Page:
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Sales Success in a Virtual World

Virtual sales require a different way of presenting, new materials, adaptations to our life at home, and new technological tools.

The new normal: it seems to be here, according to a recent article that explained how businesses have become comfortable with virtual meetings instead of jet-setting. We have quickly realized that the Zoom economy is beneficial because, among other things, it reduces expenditure on travel, requires fewer sales resources, and delivers more efficiency when it comes to scheduling and reducing the sales cycle.  

But there’s more to effective virtual sales than just checking that the mute button is off. Just as traditional sales require a range of skills, from small talk to technical knowledge to a good elevator pitch, so does virtual communication, and in many instances, sales people need to revise much of their approach. Virtual sales require a different way of presenting, a new range of materials, adaptations to our life at home, and an expanded set of technological tools.

Virtual Etiquette

Zoom fatigue is real. You’ve been on videoconferencing calls all day, but so has your sales lead. Keeping the meeting to the point without skipping important details or developing a personal connection is yet another skill for sales people to master. It’s therefore important to rehearse opening the meeting, introducing your side efficiently, explaining the basics, and expeditiously reaching the objective of the meeting. And don’t forget to conclude the meeting with clearly defined follow-up items.

In fact, Zoom calling is a whole subject onto itself. Whereas videoconferencing was once rare for salespeople, it’s now the rule. Looking professional has taken on new dimensions and dressing properly is only the first step. Because clients see attendees mostly from the shoulders and up, it’s important to make sure that hands (manicures, nail polish) and faces (clean shaven, makeup, hair styling) are well groomed. Care should be taken regarding camera angles and lighting – to be judged by a remote coworker – as well as equipment quality and background. Even during long meetings, participants should not allow themselves to be distracted by their phones or other programs on their monitor. The best way to approach a Zoom call is to behave as if it’s an actual meeting – Jeffrey Toobin, take note.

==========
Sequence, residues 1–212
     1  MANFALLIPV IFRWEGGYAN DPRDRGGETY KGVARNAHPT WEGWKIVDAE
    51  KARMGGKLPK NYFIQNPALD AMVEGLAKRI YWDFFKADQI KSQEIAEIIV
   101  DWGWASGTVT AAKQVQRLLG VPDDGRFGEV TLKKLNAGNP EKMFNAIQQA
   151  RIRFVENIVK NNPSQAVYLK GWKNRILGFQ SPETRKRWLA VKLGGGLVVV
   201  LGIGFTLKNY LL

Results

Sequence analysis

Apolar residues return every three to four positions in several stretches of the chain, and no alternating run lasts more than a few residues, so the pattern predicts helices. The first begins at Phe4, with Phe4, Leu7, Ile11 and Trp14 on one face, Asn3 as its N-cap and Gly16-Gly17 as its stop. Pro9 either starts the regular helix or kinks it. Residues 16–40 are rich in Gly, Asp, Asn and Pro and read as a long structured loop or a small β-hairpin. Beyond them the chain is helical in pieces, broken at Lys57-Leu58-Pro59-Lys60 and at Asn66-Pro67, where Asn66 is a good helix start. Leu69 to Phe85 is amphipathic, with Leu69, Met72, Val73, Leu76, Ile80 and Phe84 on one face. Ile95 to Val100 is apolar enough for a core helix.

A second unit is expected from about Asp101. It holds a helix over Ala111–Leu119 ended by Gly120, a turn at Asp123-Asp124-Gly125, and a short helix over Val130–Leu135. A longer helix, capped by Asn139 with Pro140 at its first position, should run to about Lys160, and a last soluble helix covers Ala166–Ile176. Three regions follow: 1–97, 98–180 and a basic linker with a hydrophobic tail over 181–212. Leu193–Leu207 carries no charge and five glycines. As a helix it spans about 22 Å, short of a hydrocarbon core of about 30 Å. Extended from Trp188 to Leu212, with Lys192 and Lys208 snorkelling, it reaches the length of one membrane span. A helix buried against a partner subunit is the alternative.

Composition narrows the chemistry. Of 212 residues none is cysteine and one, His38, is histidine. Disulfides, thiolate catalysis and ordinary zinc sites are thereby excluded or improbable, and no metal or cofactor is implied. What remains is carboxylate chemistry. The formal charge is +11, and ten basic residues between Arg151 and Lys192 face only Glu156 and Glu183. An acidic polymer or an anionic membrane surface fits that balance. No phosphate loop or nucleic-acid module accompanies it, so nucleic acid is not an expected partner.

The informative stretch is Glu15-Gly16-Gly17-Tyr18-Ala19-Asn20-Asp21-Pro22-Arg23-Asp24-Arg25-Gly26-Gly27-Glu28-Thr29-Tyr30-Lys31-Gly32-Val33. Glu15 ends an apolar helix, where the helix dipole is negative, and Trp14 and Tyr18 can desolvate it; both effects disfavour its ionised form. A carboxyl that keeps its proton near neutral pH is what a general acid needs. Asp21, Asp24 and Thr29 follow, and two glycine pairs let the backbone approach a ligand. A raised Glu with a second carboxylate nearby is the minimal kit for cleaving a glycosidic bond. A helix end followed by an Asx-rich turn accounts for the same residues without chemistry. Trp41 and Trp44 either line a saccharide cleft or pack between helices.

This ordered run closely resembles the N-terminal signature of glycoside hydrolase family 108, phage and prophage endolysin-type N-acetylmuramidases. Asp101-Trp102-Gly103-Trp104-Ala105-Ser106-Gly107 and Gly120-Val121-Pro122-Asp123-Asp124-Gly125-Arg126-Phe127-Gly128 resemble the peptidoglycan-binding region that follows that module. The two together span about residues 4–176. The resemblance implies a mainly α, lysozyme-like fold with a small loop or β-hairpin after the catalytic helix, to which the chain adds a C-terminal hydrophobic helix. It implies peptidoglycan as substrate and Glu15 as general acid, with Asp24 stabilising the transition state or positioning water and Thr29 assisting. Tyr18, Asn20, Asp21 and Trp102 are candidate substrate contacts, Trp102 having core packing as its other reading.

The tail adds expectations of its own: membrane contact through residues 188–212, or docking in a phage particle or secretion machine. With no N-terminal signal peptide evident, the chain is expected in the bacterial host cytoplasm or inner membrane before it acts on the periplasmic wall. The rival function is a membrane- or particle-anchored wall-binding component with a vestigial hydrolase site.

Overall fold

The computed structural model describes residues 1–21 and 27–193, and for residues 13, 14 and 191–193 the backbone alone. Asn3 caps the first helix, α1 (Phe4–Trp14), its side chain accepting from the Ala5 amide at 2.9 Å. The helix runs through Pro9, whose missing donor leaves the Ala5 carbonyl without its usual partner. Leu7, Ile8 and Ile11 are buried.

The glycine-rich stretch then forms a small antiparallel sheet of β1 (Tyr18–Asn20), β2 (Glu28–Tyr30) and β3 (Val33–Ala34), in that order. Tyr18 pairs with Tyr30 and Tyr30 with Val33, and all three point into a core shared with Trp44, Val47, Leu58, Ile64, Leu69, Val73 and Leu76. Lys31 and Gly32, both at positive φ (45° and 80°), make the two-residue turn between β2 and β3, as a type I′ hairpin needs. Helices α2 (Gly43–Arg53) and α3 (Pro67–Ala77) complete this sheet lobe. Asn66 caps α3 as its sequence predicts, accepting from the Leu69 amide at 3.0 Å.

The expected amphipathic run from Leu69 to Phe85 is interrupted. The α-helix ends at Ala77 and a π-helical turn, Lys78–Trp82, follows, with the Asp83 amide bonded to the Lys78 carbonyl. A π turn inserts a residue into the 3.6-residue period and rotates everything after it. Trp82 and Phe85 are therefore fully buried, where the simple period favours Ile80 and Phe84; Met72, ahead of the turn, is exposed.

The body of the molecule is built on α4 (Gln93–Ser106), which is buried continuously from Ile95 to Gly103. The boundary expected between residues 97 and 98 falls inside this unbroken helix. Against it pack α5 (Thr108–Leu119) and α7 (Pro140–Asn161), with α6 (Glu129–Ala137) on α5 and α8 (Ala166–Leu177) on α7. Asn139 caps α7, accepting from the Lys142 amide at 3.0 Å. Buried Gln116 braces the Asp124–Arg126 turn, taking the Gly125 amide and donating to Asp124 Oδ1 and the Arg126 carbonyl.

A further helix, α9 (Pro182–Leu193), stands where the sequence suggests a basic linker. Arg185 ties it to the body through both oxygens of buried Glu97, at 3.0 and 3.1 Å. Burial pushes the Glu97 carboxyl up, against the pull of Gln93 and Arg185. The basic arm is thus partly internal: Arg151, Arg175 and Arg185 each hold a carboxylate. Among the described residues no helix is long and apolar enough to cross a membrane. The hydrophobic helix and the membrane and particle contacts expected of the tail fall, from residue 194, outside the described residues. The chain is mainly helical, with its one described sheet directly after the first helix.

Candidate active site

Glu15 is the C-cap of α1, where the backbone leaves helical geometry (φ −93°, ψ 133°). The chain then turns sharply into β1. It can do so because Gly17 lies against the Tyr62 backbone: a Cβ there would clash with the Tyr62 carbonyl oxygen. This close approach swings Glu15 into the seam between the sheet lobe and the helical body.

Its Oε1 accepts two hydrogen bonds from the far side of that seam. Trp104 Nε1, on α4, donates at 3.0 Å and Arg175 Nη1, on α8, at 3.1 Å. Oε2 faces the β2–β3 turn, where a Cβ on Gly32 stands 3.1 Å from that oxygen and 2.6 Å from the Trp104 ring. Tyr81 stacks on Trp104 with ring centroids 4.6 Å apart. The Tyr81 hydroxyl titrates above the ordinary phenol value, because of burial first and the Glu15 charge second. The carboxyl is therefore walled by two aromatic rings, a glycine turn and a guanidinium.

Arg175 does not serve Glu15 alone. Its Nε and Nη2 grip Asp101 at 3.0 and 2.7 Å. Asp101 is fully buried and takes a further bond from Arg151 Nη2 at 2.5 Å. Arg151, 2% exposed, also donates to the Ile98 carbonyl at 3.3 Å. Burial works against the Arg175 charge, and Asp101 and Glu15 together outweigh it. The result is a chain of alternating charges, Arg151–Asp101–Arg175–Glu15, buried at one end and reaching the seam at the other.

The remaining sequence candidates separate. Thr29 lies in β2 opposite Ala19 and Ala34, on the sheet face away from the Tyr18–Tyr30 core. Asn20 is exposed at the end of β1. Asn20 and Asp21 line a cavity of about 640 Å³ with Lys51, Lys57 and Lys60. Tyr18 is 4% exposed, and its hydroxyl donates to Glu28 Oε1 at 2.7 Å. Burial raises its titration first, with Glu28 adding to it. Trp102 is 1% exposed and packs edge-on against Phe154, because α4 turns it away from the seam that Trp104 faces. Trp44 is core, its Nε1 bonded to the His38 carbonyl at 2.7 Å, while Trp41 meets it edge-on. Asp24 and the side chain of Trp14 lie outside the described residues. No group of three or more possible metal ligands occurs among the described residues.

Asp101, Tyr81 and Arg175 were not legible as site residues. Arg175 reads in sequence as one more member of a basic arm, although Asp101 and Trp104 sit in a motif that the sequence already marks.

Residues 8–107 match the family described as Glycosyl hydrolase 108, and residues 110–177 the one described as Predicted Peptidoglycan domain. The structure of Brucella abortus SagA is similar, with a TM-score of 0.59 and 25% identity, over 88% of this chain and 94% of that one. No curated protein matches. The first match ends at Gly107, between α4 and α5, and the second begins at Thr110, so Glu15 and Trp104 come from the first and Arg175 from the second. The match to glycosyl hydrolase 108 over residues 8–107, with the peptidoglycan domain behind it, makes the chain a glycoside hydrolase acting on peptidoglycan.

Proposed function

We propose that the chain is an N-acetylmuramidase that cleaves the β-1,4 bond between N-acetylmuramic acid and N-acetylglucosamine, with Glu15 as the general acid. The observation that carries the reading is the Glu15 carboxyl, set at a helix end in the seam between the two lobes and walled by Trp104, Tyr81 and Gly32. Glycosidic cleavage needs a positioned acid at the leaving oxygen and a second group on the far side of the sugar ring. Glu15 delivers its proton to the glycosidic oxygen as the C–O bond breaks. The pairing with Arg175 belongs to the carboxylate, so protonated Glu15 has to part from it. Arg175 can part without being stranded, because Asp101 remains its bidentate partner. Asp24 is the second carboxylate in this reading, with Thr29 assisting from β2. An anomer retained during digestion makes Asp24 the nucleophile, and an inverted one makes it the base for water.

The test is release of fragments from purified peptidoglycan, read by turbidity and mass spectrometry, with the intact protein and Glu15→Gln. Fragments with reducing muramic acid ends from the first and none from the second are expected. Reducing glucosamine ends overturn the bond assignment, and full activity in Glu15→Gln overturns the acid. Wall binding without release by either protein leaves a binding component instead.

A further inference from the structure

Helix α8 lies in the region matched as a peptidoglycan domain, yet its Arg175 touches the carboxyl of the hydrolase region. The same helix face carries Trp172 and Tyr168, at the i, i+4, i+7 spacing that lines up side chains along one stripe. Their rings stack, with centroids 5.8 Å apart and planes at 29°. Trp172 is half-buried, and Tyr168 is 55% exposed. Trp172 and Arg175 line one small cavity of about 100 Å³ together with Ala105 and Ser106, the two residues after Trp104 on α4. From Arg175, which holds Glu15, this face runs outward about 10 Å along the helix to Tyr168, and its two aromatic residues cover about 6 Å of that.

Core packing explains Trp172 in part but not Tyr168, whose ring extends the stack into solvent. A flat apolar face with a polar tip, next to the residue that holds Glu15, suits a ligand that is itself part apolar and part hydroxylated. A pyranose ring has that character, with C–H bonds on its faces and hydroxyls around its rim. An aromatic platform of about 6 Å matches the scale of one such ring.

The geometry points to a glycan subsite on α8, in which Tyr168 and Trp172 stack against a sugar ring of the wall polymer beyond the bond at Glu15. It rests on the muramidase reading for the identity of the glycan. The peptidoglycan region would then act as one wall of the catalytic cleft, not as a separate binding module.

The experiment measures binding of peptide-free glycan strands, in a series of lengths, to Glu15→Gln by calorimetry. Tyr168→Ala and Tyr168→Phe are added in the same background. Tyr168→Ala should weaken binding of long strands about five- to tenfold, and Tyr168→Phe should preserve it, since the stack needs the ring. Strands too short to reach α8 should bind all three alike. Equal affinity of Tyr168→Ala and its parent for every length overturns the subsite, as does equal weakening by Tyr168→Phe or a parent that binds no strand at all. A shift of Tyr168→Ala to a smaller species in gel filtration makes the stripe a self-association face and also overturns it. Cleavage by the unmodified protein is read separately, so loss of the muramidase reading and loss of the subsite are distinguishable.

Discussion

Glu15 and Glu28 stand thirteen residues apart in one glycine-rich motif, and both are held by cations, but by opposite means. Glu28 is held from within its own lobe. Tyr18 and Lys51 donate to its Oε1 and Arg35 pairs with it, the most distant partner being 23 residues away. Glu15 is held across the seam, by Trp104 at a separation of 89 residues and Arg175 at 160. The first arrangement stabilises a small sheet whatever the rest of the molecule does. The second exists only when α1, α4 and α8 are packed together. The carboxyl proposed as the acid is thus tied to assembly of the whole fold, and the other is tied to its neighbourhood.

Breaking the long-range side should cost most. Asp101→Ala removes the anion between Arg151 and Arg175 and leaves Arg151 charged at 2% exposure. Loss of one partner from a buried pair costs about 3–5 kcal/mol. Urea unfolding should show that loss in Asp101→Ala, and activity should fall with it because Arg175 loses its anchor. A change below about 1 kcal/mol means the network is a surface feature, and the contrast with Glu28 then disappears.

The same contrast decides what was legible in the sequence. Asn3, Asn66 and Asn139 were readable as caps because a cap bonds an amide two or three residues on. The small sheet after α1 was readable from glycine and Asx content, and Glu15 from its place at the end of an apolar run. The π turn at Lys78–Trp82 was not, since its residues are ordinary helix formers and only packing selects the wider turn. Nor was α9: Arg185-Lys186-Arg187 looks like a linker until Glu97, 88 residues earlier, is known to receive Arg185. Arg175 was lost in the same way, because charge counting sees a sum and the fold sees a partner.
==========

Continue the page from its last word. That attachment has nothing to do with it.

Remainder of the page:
A Material Change

One of the most important aspects of virtual selling, beyond the call itself, is all the marketing material surrounding it. The days when a sales person would make a pitch, answer questions, and leave behind some pamphlets are over. Now, your sales prospect has probably researched your product or solution even before the call, and will continue once the call is over, before making a decision.

In fact, buyers now prefer generous amounts of online information when evaluating products. There was a time when delivering a short, concise message was a main rule of content writing. Now, top Google content referrals are for articles above 2,400 words. Prospective buyers want to do much of their own research to back up your claims, including reading white papers, reviewing competitor’s sites, and visiting peer review services like G2 Crowd and Trustpilot. 

That’s why your website should include customer testimonials and answers to questions that potential new customers will ask. It’s also a good idea to develop a Google search strategy so that multiple sites will lead to essential information about your company.  

The Literal Home Office